Mr. DeKelaita’s translator also faces indictment for “mistranslat[ing] answers given by the clients and add[ing] testimony not actually stated by the clients during the course of the asylum interviews.”

U.S. Attorney Zachary Fardon charged Mr. DeKelaita with three counts of immigration fraud, three counts of suborning perjury and one count of conspiracy to commit immigration and naturalization fraud.  

According to federal law, asylum is only granted upon proof of persecution “on account of race, religion, nationality, political opinion, or membership in a particular social group, or had a well-founded fear of persecution.”  Those that are granted asylum are eligible to receive lawful permanent residency, and possibly naturalized U.S. citizenship.  

Several clients have allegedly been coached to present false information by Mr. DeKelaita.  M.J., a client of DeKelaita’s, was reportedly advised to tell federal immigration officers that she had been threatened by Muslim extremists. Another client, identified as “Client H.A.,” falsely claimed that his house in Iraq had been burned down by Islamic extremists and that his brother was “put on an elimination list.”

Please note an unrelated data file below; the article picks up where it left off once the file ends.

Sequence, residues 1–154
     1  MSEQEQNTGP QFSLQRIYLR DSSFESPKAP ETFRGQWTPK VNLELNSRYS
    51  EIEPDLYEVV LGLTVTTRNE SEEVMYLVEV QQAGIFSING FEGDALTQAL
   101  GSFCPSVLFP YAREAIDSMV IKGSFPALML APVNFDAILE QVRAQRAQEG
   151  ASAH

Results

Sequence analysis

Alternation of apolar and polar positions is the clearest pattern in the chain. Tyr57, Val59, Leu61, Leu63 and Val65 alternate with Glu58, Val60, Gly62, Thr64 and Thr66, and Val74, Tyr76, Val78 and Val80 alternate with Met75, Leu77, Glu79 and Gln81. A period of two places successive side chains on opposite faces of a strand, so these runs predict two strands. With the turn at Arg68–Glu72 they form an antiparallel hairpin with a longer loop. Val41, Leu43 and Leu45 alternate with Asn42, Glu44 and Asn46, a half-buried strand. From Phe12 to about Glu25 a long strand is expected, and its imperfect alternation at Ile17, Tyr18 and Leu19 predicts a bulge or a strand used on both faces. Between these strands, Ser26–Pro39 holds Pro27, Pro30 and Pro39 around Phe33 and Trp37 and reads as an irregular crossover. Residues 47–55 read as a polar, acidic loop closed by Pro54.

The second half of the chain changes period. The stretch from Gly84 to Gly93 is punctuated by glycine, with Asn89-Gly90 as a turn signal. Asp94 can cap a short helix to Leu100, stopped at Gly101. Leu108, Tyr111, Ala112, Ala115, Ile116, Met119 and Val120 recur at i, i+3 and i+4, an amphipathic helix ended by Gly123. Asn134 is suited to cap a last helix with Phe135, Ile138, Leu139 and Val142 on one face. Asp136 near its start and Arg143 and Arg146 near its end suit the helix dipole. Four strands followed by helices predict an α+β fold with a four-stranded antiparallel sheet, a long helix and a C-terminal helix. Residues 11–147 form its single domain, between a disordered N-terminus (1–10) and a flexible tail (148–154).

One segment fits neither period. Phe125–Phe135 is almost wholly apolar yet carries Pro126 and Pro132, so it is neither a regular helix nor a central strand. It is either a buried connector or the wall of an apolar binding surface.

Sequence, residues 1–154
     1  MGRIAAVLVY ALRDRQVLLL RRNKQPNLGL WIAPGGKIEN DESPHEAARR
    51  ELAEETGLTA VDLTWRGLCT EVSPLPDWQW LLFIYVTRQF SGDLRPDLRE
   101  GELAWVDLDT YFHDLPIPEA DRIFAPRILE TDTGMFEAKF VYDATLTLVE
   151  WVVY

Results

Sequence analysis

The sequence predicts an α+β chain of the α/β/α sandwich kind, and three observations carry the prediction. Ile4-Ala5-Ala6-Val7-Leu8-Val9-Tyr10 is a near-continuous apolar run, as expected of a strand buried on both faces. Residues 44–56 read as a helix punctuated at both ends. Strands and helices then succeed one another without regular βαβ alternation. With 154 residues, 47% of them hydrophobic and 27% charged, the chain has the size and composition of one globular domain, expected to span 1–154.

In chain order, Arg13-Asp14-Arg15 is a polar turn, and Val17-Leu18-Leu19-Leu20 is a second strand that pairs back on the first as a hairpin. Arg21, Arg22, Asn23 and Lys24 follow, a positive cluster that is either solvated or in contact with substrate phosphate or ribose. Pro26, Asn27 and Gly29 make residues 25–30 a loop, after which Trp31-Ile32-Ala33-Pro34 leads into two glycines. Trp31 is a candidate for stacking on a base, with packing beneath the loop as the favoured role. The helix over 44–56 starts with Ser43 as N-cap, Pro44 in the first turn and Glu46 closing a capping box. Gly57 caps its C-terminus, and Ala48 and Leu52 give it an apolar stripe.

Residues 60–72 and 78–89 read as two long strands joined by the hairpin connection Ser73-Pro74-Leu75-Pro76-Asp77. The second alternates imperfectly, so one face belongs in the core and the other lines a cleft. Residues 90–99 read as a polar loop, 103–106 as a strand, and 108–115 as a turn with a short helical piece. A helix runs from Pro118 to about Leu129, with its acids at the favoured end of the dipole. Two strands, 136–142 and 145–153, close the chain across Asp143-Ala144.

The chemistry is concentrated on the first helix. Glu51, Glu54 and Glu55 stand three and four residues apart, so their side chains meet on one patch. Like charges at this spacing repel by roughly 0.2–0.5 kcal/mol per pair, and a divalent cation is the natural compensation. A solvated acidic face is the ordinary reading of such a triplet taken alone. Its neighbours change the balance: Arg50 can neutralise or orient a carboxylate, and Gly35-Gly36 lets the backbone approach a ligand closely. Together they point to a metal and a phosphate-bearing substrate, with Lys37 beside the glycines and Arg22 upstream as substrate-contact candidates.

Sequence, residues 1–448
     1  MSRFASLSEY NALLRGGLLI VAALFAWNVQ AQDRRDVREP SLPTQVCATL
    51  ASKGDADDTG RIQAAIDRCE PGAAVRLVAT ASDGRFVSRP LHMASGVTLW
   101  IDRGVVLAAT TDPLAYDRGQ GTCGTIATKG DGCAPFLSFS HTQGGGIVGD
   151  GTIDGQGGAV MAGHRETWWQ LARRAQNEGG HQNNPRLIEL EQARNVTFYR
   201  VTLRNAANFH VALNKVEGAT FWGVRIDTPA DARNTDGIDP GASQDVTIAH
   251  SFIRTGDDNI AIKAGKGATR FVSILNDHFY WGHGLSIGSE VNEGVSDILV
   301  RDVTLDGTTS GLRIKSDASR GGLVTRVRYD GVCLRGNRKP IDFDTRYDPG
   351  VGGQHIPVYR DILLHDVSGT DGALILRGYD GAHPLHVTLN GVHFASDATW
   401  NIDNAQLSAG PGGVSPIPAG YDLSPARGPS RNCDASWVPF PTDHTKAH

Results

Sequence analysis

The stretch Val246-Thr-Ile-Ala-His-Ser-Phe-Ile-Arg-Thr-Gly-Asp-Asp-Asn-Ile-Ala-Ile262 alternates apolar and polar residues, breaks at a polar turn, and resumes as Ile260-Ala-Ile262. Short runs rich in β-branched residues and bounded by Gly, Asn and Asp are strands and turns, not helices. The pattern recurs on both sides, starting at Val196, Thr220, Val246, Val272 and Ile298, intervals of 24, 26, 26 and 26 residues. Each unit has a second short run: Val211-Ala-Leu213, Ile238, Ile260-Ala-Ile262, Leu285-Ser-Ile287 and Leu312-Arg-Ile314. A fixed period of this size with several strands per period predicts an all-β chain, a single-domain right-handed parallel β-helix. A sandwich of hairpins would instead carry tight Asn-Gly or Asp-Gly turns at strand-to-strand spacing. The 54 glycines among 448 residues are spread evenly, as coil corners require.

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Cuban physicians stuck in Columbia await help from the U.S.

A protest made up of roughly 100 Cuban doctors took place in Colombia on Saturday.  The protest aimed at drawing attention to their difficulty in entering the United States due to President Obama’s attempt to normalize relations with Cuba and disband a 2006 program that sought to bring doctors away from the island nation.  The doctors were fleeing from Venezuela in the hopes of coming to the U.S.